I recently returned from the Innate Kālacakra (‘dus khor lhan skyes) empowerment by HE Garchen Rinpoche in Portugal at which my new English language translation of Jamgon Kongtrul Lodro Thaye‘s (1813 – 1899) concise and profound Innate Kālacakra sadhana text was also launched and taught. For more info about that event see here. I am now making this text available for free download and use to those with the requisite Kālacakra empowerment and oral transmission. Garchen Rinpoche also gave a word-for-word instruction on this text which can be watched online.
Jamgon Kongtrul and Kalacakra
Prior to this, I was aware that Jamgon Kongtrul had a very powerful connection with Kālacakra and Shentong Madhayamaka through his close personal ties to the Jonangpa in Dzamthang and one of his teachers, the Jonang master, Ngawang Chophel. In fact, it was reading Kongtrul’s instruction text on Shentong, Instructions for Practising the View of the Empty-of-Other Great Madhyamaka , “Light Rays of the Stainless Vajra Moon”, which he wrote while studying at Dzamthang, as well as the sections on the Six Yogas of Kālacakra in his Treasury of Knowledge, that I realised that much of his work and influence in these two areas were directly influenced by and connected to the Jonang tradition. In particular, his sections on the Six Yogas of Kālacakra are sometimes word-for-word copied from Tāranātha’s major commentary on it, One Hundred Blazing Lights (which I am in the process of translating). In Kongtrul’s biography on Treasury of Lives it explains that:
In the late 1840s, Kongtrul made an extensive teaching and alms tour of eastern Kham and southern Amdo, including religious centers such as Gyelmorong and Serta. The region was known to be quite dangerous, but he successfully avoided the bandits that frequently robbed and murdered travelers, both lay and clerical. At Dzamtang Monastery (dzam thang dgon), a major Jonang institution, he taught Kālacakra to the monks, and received teachings on the same topic from a lama named Ngawang Chopel (sngags dbang chos ‘phel). In 1849, when he returned from Amdo, he taught the Jonang tantric traditions at Dzongsar Monastery (rdzong sar dgon), at Khyentse Wangpo’s request.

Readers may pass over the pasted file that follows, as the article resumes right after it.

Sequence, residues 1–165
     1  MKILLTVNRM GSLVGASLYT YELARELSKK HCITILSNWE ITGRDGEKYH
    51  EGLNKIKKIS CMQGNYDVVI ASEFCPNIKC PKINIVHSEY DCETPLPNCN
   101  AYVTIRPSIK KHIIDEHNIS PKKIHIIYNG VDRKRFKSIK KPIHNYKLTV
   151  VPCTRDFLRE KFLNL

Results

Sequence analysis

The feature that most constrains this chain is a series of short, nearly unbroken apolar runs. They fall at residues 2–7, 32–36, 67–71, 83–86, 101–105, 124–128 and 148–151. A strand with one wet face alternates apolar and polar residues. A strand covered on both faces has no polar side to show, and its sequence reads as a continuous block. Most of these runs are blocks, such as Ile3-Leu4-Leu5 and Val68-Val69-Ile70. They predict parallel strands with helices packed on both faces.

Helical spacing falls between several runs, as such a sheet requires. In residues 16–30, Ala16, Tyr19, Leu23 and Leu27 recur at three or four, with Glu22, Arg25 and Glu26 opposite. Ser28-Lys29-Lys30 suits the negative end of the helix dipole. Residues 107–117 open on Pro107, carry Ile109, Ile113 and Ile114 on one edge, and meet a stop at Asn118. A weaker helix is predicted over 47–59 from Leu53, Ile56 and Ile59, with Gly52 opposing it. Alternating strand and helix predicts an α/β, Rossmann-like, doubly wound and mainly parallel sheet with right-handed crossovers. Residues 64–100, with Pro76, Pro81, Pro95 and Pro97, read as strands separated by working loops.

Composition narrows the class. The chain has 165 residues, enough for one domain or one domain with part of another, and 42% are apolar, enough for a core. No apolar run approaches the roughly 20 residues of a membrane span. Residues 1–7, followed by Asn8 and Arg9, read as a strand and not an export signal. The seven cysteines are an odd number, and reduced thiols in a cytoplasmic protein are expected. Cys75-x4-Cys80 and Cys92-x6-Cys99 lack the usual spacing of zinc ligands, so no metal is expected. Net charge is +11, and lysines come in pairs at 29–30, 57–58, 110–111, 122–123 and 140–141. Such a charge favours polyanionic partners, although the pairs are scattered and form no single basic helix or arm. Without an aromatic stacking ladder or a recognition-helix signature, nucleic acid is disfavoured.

Also, Michael Sheehy has written a short post about the connection between Kongtrul and Jonang here, which states that:
“Ngawang Chöphel was the inheritor of the seat at Jonang Tsang Chen Monastery and was its first vajra-master, several generations after it was established. In the year 1848, Kongtrul traveled to Dzamthang in order to receive transmissions from this master. Among these were the transmissions for the sixfold vajrayoga of the Kālachakra according to the Jonang tradition, instructions on zhentong, and a cycle of teachings on chöd. Kongtrul also recounts in his biography having received instructions from other masters at Dzamthang on how to conduct a personal retreat according to the oral tradition of Vajrabhairava, though he does not list their names.
Returning to Kongtrul’s record, it then goes on to list the lineage from which he received transmission for the works of Tāranātha. Following the line from Tāranātha’s disciple Yeshe Gyatso this lineage then passes on through Karma Ödsal Gyurmé from whom Kongtrul received this transmission. Karma Ödsal Gyurmé was a student of Karma Ratna and is also referred to as Lama Gonpo Tsewang. According to the history of the Jonangpa, he met Kongtrul on his way to Gyalrong as he was traveling from Dzamthang, and it appears as if he conferred numerous transmissions upon Kongtrul during their time together.
Adjacent to this lineage, Kongtrul’s record lists an alternative lineage of transmission for his reception of the works of Tāranātha, starting with Tāranātha’s disciple Rinchen Gyatso, and then passing through the master from Katok Monastery Rigzin Tsewang Norbu (1698-1755) several generations later, then being passed to Kongtrul from Karma Tsewang Kunkhyab. This was Zurmang Tsewang Kunkhyab, a main disciple of Situ Paṇchen Chökyi Jungné (1700-1774) who was also a lineage-holder of numerous Jonang transmissions and someone who seems to have played a pivotal role in the intersections of these lineages.”